Dot 44 camoflauge uniform
In early 1944, the Waffen-SS introduced a new uniform, meant to replace the pullover camouflage smocks as well as extend the service life of the wool uniform. It consisted of a tunic and trouser, very similar in pattern to the M43 wool uniform. The camouflage pattern was dubbed "Erbsenmuster" (Peas pattern) and was meant to be used in all seasons, dispensing with the need for the reversible uniforms.
The new uniform was produced on both herringbone twill and cotton twill fabric. Numerous shade variations exist, though this was a factor of erratic printing quality rather than any intentional alterations to the pattern
M43 wool feldgrau uniform
The M43 saw the removal of all pleats and scalloped flaps from the field tunic, and pockets began to be cut straight rather than with rounded edges. Many M43 tunics were made with a much simplified version of the internal suspension system, or omitted it entirely. The M series tunic (Felbluse) still retained the traditional Imperial and Reichswehr uniform color of grey-green "field gray" (feldgrau) wool, but incorporated the four front patch pockets with flaps. The Heer version of this Feldbluse has 6 buttons while the SS version retained the traditional 5 buttons. The shorter "skirt" of the tunic is another trademark of the WW2 German Feldbluse.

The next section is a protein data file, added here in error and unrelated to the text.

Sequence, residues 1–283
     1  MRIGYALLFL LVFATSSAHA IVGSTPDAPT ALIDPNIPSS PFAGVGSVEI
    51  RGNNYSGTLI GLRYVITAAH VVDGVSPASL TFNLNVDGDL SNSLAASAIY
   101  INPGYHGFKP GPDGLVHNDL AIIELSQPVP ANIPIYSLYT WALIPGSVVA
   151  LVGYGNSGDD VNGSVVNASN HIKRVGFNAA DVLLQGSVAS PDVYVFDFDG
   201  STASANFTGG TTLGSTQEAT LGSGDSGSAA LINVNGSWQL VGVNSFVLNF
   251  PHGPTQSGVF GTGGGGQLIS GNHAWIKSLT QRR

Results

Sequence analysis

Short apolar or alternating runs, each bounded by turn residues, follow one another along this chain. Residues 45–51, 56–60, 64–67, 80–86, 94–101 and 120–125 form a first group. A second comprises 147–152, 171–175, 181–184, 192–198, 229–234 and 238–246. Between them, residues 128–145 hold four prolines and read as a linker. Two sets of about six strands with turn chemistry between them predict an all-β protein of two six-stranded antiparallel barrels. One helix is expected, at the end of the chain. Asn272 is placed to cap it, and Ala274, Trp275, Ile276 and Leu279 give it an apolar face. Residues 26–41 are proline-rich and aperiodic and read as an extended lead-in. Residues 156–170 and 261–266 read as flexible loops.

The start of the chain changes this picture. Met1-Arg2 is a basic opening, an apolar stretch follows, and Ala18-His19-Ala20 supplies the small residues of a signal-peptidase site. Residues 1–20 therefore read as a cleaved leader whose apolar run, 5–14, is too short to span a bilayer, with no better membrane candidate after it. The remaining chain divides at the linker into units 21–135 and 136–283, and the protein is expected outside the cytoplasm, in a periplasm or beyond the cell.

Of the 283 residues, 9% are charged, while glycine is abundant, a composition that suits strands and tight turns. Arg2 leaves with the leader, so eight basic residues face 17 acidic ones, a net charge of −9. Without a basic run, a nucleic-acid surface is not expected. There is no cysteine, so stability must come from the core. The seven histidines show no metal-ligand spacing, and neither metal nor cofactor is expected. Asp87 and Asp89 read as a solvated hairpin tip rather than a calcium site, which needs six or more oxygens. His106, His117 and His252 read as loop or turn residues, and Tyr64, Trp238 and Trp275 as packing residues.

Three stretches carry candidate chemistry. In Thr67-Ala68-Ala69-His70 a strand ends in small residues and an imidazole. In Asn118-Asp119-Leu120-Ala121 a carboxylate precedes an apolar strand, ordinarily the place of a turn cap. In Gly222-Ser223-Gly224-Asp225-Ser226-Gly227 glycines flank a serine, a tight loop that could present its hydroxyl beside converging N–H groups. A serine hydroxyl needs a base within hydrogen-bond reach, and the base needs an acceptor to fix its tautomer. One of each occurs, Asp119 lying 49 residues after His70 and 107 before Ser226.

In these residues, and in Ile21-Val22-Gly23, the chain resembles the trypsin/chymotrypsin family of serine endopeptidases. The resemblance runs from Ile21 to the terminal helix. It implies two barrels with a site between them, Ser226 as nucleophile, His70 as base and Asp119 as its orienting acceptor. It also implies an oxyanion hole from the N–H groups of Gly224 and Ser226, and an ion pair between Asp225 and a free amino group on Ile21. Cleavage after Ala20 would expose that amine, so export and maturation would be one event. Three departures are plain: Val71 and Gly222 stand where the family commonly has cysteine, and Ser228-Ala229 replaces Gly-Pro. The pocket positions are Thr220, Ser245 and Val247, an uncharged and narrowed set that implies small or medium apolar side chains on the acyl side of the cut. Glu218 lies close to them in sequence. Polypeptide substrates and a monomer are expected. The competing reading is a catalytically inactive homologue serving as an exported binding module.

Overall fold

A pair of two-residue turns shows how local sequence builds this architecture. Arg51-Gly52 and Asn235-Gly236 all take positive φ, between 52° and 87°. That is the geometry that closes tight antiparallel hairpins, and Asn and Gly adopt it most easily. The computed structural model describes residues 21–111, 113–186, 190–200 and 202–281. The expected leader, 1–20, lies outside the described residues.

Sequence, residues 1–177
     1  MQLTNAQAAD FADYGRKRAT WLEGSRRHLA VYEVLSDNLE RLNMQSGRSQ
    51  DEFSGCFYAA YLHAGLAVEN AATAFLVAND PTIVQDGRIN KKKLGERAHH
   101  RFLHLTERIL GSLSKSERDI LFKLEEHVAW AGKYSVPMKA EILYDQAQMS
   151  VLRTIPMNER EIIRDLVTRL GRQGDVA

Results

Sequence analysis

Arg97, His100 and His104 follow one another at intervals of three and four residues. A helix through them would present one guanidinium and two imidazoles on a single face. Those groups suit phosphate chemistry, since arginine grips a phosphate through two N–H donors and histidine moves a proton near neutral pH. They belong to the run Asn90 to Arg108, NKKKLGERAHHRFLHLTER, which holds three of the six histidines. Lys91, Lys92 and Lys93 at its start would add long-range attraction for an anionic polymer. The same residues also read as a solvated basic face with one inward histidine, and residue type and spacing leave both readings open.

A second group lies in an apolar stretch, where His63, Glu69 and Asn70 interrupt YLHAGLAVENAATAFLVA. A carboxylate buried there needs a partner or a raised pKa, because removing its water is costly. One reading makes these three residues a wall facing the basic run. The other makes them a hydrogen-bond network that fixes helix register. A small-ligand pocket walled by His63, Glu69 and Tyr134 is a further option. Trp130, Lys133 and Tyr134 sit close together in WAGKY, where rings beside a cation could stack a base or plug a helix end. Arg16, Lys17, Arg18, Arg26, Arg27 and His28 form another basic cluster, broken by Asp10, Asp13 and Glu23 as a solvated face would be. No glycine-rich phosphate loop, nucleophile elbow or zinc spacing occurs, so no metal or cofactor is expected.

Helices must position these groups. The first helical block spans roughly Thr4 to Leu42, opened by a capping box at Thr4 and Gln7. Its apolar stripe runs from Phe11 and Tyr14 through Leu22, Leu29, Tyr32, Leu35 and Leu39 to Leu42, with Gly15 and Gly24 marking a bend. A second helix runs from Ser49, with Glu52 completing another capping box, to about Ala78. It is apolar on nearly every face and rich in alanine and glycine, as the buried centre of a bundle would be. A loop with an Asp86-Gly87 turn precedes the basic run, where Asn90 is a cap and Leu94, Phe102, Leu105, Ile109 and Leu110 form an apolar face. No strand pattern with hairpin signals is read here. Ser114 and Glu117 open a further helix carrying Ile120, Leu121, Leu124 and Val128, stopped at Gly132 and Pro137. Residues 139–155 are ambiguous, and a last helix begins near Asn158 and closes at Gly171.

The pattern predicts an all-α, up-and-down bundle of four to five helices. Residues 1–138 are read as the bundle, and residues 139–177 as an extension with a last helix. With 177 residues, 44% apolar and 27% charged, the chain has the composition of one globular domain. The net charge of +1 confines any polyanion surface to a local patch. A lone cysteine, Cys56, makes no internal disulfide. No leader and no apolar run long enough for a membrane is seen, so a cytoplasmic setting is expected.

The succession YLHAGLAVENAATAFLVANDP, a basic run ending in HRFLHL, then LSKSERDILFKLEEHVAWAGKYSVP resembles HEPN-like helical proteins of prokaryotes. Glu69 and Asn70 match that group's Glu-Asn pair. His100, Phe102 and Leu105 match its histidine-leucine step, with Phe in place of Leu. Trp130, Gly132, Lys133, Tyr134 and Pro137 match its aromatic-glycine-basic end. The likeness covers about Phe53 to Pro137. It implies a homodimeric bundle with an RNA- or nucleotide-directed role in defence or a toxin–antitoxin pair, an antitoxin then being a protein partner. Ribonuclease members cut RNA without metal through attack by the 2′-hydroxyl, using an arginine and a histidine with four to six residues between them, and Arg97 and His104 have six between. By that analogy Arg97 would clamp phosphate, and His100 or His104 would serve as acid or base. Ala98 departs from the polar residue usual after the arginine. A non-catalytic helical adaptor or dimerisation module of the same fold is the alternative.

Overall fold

SS M43 Einheitsfeldmütze (enlisted)
In 1943 a cap in field-grey wool with a visor intermediate in length between the mountain and tropical versions was issued to all troops for field wear only; it quickly became the most commonly seen soft headgear at the front.
SS M40 Feldmütze "Schiffchen" (enlisted man's overseas cap)
The original soft cover for the Heer, introduced in 1934, was a folding garrison or envelope cap in feldgrau wool, similar to that worn by American, Soviet and RAF personnel but with a "scoop" in the front; the Schiffchen ("little ship") was popular, convenient, and worn throughout the war.
Schnürschuhe (low ankle boots with hobnails) & Gamaschen (Gaiters)
The model 1937 Scnhürschuhe was issued to the soldiers with the Drillichanzug since their introduction in the late 30s and were worn mainly for barracks duties. Photographic evidence shows that they began to see the battlefield quite early in the war
Marschstieffel (jackboots with hobnails)
Hobnailed Jackboots date from before the Napoleonic era, they became popular with the Germanic armies in the mid to late 19th century because of their perceived durability over "lesser" boots. Worn out boots were considered a major problem for armies on the march.
Headgear and Footwear are a couple of items you will want to start with, as loaner gear in these categories is a little more scarce. Shoes and hats are usually something guys don't tend to share very much for obvious hygiene reasons